Polymer-Stabilized Graphene Dispersions At High Concentrations In Organic Solvents for Nanocomposite Production

Thursday, October 20, 2011: 1:48 PM
205 D (Minneapolis Convention Center)
Ahmed Wajid1, Sriya Das1, Fahmida Irin1, Tanvir Ahmed2, John Shelburne1 and Micah Green1, (1)Chemical Engineering, Texas Tech University, Lubbock, TX, (2)Mechanical Engineering, Texas Tech University, Lubbock, TX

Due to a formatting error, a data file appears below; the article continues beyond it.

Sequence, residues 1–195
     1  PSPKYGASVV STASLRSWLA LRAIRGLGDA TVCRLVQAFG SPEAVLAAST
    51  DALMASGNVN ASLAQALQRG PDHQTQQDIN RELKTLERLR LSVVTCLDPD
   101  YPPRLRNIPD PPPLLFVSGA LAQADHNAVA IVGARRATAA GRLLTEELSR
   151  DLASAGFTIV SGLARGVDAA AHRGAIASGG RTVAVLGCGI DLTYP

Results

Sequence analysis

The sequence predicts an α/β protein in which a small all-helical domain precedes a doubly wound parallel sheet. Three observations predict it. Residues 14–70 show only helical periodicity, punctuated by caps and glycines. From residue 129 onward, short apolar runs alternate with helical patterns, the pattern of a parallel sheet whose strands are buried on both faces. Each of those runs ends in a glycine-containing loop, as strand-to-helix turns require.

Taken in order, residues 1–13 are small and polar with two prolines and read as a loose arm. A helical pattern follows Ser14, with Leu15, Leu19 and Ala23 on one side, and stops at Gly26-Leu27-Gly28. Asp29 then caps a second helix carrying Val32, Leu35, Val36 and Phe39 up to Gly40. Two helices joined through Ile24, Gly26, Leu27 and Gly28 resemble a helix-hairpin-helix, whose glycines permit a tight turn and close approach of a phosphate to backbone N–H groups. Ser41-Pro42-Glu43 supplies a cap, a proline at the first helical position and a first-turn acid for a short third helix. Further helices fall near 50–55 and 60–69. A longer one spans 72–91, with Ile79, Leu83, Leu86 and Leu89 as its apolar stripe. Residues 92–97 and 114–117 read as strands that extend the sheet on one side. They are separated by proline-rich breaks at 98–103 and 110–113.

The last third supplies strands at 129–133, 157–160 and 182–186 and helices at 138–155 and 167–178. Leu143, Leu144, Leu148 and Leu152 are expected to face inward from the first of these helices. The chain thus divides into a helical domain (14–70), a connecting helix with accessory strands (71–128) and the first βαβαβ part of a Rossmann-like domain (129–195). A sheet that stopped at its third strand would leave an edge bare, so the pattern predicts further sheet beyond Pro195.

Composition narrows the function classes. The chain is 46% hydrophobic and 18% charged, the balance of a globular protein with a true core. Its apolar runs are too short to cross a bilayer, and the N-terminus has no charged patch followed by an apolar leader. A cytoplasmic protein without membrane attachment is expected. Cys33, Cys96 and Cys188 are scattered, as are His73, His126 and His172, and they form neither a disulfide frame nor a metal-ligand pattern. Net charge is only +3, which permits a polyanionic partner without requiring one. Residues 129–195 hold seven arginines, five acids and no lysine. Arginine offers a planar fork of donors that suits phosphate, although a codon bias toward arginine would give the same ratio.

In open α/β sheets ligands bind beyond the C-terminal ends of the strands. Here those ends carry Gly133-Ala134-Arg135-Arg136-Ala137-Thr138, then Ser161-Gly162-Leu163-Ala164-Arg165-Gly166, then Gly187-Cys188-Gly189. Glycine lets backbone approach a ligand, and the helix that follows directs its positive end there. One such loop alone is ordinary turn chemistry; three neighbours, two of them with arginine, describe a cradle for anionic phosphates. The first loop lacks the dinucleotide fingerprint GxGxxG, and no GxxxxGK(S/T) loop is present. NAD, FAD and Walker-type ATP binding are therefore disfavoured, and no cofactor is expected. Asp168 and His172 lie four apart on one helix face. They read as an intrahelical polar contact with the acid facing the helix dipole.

Liquid phase exfoliation and dispersion of graphene, i.e. single layer graphite, is a critical challenge for bulk processing of graphene for use in advanced materials and devices.  We demonstrate a simple and effective dispersion of pristine (unfunctionalized) graphene at high concentrations in a wide range of organic solvents by use of a stabilizing polymer (polyvinylpyrrolidone, PVP). These polymer-stabilized graphene dispersions are shown to be aggregation-resistant and readily redispersible even after freeze-drying. These dispersions are then used as a strong and conductive nano-filler for polymer nanocomposites. In particular, PVP/graphene nanocomposites may be produced via in situ polymerization of vinyl pyrrolidone loaded with dispersed graphene, resulting in excellent load transfer and improved mechanical properties. Also, graphene-based epoxy nanocomposites with enhanced mechanical and electrical properties at a very low loading have also been achieved.  The electrical conductivity increases by 7 orders of magnitude and the tensile strength increases by 25 % in a 0.3 wt% graphene based epoxy nanocomposite compared to the baseline epoxy. Compared with the prior literature, we achieve higher concentrations and lower percolation threshold for our pristine graphene dispersions and composites, respectively.

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